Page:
Pennsylvania 1970: The Fraternal Association of Steel Haulers was formed by dissatisfied owner-operator members of the International Brotherhood of Teamsters in the late 1960’s, first as an internal grouping then as an external dual union. FASH’s Western Pennsylvania local was chartered in 1968, and would launch a strike against regional common carrier companies in April 1970 over economic demands. FASH members “established marshalling areas throughout Western Pennsylvania where other steel haulers were invited by FASH members to pull off the highway and participate in discussions. In many instances, these invitations resulted in shootings, arson, rock throwing, tire slashing and other assorted acts of wanton vandalism,” (US Steel, Bethlehem Steel Corporation, Jones & Laughlin Steel Corporation, National Steel Corporation, Republic Steel Corporation and Youngstown Sheet & Tube Company v. Fraternal Association of Steel Haulers, United States Court of Appeals, Third Circuit. Argued June 5, 1979. Decided July 10, 1979)

[22] “Control within the factory has a revolutionary and expropriative significance only after central power has passed into the hands of the proletariat” –Amadeo Bordiga, Towards the Establishment of Worker’s Councils in Italy (1920)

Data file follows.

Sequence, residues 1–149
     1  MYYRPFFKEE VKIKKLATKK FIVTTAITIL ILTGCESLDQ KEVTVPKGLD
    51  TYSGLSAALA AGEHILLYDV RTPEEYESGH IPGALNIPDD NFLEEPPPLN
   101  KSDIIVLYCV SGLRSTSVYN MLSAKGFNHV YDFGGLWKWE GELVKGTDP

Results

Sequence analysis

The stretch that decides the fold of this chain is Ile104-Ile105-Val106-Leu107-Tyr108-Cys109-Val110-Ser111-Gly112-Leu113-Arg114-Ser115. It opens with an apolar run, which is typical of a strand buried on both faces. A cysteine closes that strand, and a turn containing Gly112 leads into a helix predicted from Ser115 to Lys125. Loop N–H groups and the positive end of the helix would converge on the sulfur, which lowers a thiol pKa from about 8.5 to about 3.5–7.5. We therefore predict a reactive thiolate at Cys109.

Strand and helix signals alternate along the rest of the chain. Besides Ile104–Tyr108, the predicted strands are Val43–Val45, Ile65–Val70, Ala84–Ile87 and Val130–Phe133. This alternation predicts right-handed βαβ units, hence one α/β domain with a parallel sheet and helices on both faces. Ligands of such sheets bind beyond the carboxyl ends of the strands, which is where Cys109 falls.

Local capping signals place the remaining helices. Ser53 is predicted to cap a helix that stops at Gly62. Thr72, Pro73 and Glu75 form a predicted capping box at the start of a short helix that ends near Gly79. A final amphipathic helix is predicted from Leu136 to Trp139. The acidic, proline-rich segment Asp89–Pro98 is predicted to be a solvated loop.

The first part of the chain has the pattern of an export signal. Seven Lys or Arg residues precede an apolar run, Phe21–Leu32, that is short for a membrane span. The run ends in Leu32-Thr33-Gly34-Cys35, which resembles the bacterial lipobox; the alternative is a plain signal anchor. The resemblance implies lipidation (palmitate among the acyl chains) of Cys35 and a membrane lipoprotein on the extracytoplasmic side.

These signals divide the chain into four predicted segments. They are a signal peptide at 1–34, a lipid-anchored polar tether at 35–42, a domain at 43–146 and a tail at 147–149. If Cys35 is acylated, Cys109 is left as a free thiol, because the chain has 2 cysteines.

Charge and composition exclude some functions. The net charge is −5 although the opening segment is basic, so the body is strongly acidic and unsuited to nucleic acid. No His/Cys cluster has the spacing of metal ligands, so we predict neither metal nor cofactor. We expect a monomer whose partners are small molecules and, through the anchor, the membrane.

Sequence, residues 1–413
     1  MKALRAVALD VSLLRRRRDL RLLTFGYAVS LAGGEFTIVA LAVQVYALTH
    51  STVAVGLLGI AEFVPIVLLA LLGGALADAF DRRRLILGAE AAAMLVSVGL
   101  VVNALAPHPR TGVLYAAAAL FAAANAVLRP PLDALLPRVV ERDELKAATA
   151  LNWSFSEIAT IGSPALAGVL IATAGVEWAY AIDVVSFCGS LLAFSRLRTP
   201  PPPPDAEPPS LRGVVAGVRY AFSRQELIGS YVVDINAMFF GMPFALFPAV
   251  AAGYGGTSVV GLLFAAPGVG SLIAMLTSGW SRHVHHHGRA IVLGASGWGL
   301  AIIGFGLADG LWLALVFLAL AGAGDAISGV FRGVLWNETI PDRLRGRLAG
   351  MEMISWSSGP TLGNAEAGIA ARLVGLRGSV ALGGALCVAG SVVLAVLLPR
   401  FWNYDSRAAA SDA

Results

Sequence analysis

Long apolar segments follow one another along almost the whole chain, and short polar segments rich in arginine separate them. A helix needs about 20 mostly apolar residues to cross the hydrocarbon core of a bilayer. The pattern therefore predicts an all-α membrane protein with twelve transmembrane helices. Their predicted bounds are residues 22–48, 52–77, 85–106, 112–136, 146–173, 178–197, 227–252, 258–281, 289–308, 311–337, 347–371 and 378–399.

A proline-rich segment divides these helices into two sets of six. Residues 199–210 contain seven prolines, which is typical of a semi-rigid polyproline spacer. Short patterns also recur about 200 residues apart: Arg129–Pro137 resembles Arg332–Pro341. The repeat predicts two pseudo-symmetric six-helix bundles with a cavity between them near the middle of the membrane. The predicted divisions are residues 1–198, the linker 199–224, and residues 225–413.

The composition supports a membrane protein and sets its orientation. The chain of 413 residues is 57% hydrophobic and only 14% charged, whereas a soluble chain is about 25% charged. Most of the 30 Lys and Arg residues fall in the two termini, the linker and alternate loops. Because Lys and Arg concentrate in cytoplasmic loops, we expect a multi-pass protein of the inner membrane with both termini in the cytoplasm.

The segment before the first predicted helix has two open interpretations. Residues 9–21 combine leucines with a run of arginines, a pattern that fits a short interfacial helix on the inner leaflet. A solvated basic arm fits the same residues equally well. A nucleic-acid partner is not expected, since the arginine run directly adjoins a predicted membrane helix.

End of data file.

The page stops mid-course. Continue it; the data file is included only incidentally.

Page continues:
[23] “Great industries. . . are confronted with demands to sign contracts with groups which. . . demonstrate that they have. . . no conception of the validity or sanctity of a contract, no respect for property rights or for rights of any sort except their own.” – Business Week magazine on the wave of CIO sit-down strikes (1937)

[24] “For, after all, Soviet Russia is not a ‘country’. Soviet Russia is a part of the world labor movement. Soviet Russia is a strike-the greatest strike in all history.”– James Cannon, The Fifth Year of the Russian Revolution (1923)

[25] “The class struggle did not accidentally assume its latest form, the form in which the exploited class takes all the means of power in its own hands in order to completely destroy its class enemy, the bourgeoisie. . .” – V.I. Lenin, Report on the Activities of the Council of People’s Commissars (1918)

[26] Matthew Josephson, Union House, Union Bar: The History of the Hotel and Restaurant Employees and Bartenders International Union AFL-CIO (1956)